If there’s anything to be said about ‘Doberman’, it’s that it is a very manly book. Beer, mullets, casual nudity in the presence of other men and more, it's like a film from when Arnold or Sly were in their prime.
This tongue in cheek comic plays to that tune well with plenty of homages to eighties action films with silent-but-gruff heroes. Whilst this issue is clearly introductory, there is thankfully little exposition to weigh down the action, so there’s no unnecessary baggage dragging the plot down. In short succession, who and what Doberman's person is and what he does is gleefuly on display, with a wink and a nod that keeps the overall tone light hearted. Scott Marder, Rob Rosell and Jack Lambert clearly did their research in to how to portray the wisecracking action hero with a penchant for chewing pretzel sticks.
The interior art fits the feel of the book perfectly, since there are several scenes that could almost have been inserted into Lethal Weapon 2, treading well between action and comedy whilst simultaneously playing it ‘straight’. Physical characterisation is hilariously hyper-masculine 80s fashion, with biker moustaches, references to MDMA being "new" and oversized suits fully entrenching the period. Brandon McKinney has done a fantastic job of portraying this world so clearly with cues eerily similar to the films ‘Doberman’ intends to pay homage to.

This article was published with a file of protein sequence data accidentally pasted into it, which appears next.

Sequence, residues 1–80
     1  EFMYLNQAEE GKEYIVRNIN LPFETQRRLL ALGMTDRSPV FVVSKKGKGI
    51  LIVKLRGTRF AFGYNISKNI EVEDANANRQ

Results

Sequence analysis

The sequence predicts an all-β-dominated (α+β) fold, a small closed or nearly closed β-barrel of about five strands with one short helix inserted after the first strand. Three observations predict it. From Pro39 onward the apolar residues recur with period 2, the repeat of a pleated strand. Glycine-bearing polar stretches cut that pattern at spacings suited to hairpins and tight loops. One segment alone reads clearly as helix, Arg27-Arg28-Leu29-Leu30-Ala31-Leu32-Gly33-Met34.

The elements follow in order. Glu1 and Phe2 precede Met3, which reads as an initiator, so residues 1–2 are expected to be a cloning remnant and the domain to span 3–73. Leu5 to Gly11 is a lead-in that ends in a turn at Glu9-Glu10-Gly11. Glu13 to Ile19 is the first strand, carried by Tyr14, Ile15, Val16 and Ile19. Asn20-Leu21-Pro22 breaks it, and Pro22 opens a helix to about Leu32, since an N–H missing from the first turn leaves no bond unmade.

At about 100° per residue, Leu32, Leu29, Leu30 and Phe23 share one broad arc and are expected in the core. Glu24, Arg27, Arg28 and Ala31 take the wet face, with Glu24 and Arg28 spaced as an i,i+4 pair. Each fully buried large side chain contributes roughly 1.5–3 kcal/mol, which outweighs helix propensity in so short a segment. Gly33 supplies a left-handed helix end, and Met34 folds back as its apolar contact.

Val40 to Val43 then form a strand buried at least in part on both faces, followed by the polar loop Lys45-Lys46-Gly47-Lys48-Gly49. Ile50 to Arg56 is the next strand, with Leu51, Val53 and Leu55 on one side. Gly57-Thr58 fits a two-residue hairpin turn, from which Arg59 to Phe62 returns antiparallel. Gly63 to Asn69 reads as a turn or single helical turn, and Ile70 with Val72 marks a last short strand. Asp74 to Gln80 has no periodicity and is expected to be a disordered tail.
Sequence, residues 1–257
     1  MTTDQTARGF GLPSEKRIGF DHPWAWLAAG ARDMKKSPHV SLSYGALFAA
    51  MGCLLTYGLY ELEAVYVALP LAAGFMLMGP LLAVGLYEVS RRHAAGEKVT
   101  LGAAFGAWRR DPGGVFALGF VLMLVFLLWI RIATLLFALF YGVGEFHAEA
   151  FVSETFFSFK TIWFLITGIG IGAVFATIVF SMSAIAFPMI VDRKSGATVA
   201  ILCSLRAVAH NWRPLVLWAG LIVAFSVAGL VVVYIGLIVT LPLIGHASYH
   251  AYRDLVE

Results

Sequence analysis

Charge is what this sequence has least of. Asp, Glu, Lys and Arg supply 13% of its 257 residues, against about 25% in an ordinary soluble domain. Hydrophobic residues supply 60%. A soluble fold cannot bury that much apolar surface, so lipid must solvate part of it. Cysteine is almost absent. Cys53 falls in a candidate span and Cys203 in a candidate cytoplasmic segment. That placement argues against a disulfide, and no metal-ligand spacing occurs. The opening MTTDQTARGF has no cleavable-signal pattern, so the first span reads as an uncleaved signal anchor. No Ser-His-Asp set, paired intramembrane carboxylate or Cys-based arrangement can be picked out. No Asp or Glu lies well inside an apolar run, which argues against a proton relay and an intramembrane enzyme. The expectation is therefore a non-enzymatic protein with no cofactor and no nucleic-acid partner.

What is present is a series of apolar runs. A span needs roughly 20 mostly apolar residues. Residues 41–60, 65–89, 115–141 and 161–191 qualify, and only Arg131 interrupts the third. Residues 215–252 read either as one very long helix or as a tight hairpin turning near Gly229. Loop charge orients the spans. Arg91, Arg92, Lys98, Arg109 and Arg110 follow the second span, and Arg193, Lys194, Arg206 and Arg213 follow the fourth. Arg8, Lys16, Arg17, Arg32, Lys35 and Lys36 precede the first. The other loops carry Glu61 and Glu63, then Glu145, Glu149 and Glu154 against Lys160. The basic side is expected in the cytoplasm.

The lack of dialogue and the easily navigable panel layout leads to ‘Doberman’ becoming a very easy and quick read. The colours are bright, energetic and imbue the comic with style, but ultimately that is used to primarily cover up the lack of substance. Consider ‘Doberman’ an amalgamation of 80s action films on page. It keeps a consistent tone and achieves what it sets out to do, but is ultimately shallow and rings a bit hollow.
Is ‘Doberman’ worth picking up? It’s unashamedly dumb fun, but from the previews alone that should be assumed. It’s practically a Michael Bay comic with the script complete and a merciful lack of Shia LaBeouf, doused in masculinity. If that’s what you like in your comics, then by all means this is the comic for you.
The Outhouse is sponsored by Cinema Crazed: Celebrating Film Culture & Pop Culture.
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